Posted: 2009-01-22 08:00:00
Shortcut URL: http://t.conquent.com/l200
Millions of people watched the Inauguration online -- one content provider said that they had a peak of 7.7 million viewers of streaming content alone during the Big Day. Making it hard to get a real count is the fact that video from the inauguration ceremony and surrounding events was streamed all over the Web. Sites such as Hulu and Ustream were busy along with the sites of major news outlets.
And it was far from perfect.
CNN.com, one of the most popular viewing destinations, had to cut off viewers and establish a wait list. It's like queuing up to peer in the peephole for the old kinescope.
I'm personally really surprised that CNN, of all the news outlets, had to resort to rationing bandwidth. We're in the era of huge data pipes and cloud computing. We certainly have learned a lot over the years about distributed processing from tools like the SETI desktop (search for intelligent life while not using your computer) to better file sharing systems like BitTorrent (I've been known to download movies in a fraction of the time it takes to view them).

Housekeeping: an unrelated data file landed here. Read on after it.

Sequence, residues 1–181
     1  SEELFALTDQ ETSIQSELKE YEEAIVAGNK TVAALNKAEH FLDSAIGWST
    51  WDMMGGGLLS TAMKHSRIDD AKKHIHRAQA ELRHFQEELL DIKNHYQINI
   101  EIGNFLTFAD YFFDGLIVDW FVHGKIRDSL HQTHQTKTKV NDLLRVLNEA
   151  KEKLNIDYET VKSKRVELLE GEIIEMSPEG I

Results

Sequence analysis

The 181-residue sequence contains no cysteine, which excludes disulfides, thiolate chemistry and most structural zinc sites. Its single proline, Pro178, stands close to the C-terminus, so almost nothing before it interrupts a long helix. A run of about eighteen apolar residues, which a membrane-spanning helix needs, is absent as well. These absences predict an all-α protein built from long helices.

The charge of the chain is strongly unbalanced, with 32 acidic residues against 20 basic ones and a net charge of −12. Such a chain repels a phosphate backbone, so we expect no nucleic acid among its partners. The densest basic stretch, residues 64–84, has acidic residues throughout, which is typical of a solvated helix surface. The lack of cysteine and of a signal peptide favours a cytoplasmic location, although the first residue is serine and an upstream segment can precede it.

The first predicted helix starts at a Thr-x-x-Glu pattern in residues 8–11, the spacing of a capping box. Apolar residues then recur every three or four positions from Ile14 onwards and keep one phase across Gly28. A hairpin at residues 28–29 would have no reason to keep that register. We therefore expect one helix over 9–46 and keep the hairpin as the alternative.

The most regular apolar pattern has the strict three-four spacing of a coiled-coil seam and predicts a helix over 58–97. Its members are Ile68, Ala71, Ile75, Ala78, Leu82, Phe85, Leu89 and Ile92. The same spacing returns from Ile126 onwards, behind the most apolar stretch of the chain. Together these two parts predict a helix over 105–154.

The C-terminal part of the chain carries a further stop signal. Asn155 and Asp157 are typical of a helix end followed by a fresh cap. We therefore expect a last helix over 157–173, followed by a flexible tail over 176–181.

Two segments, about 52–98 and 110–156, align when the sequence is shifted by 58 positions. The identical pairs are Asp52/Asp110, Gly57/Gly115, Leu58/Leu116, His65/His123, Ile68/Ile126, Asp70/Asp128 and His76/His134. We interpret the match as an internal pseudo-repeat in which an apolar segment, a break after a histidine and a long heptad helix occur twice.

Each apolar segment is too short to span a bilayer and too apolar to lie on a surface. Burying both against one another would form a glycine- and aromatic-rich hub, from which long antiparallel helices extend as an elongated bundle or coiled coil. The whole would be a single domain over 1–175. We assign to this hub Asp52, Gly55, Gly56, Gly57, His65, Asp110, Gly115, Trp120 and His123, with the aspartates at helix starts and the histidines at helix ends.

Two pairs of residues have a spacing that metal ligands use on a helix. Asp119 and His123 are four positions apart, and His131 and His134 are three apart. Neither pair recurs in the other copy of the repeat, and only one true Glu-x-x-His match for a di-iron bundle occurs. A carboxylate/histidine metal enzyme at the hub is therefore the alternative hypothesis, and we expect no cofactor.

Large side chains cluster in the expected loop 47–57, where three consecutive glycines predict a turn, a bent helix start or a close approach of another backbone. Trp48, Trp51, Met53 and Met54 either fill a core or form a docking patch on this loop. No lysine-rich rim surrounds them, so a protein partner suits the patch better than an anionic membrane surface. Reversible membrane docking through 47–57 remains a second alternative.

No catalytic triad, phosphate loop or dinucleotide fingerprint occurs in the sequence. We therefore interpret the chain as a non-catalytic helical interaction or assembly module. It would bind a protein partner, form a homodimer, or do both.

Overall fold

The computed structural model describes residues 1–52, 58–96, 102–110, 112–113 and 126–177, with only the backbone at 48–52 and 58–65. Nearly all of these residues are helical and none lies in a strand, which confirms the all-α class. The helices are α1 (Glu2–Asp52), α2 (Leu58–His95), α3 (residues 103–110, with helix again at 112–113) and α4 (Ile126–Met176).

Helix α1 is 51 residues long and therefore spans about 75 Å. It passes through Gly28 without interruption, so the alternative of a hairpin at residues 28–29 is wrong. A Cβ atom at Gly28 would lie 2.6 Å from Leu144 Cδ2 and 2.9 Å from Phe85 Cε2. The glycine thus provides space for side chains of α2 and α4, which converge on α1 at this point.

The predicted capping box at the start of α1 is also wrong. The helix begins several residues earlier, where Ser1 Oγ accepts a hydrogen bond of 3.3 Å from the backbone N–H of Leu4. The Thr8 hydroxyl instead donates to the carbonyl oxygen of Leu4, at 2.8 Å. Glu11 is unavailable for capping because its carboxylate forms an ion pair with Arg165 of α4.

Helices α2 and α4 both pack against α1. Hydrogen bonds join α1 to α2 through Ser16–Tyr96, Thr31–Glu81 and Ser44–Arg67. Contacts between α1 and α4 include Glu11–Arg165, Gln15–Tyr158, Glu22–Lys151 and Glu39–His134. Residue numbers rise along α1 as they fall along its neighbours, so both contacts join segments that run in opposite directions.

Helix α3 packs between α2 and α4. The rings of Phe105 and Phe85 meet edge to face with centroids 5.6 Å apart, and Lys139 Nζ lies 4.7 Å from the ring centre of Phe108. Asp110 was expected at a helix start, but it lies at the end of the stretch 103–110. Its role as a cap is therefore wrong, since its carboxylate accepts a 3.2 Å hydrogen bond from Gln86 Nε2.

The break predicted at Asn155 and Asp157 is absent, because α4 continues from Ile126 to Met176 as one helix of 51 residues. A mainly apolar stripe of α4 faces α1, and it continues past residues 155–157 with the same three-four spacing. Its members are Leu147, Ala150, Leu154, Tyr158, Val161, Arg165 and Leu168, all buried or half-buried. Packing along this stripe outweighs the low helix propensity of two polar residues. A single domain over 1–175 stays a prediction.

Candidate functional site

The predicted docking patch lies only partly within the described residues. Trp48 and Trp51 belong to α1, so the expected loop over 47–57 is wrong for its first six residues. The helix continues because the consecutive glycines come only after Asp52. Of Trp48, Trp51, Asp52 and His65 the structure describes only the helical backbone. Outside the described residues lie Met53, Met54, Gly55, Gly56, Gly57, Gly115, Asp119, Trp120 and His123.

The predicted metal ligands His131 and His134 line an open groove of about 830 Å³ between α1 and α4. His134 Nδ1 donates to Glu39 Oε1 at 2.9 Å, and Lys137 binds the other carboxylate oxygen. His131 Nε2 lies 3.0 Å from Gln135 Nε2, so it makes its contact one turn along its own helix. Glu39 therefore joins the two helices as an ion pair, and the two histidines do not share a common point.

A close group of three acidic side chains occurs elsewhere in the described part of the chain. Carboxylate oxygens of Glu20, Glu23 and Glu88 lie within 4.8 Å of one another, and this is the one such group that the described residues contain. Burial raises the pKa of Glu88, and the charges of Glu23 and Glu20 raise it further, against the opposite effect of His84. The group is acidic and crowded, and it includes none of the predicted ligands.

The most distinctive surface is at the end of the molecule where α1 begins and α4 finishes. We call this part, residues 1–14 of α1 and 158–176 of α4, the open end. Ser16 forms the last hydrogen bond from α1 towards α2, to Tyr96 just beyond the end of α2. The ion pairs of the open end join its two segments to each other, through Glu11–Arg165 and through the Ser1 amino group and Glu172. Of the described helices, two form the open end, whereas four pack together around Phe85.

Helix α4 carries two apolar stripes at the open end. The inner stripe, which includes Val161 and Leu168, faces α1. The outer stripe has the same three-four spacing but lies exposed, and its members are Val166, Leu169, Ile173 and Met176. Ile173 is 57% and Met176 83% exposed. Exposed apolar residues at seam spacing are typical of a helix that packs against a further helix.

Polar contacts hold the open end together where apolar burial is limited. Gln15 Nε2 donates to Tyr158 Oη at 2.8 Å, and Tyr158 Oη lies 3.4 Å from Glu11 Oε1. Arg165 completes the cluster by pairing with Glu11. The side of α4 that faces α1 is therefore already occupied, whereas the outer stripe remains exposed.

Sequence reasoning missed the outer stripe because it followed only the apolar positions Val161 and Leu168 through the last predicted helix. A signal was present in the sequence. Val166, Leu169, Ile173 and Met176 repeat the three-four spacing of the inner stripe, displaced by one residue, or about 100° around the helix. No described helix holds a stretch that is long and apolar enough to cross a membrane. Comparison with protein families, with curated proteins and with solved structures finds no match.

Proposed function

But, even with the hitches, I believe the future of television is broadcast over broadband. It's just too damn convenient and ubiquitous -- I have more computer screens than I have televisions screens both at home and work, and the TV screens double as computer screens. On my recent trip to DC, I watched streaming movies from Netflix over my AT&T Air Card (cell modem) on my laptop and I never turned on the TV itself.
We need to get better tools for pausing and rewinding in the stream; information, even live information, needs to be digested. The moment is never "gone" in the era of constant recording, and computer broadcasting offers us a lot more ways to interact with the information.
I wonder, though, if January 20th, 2009 will be remembered for being the day the first black president took office, or for the day online broadcasting really came to life.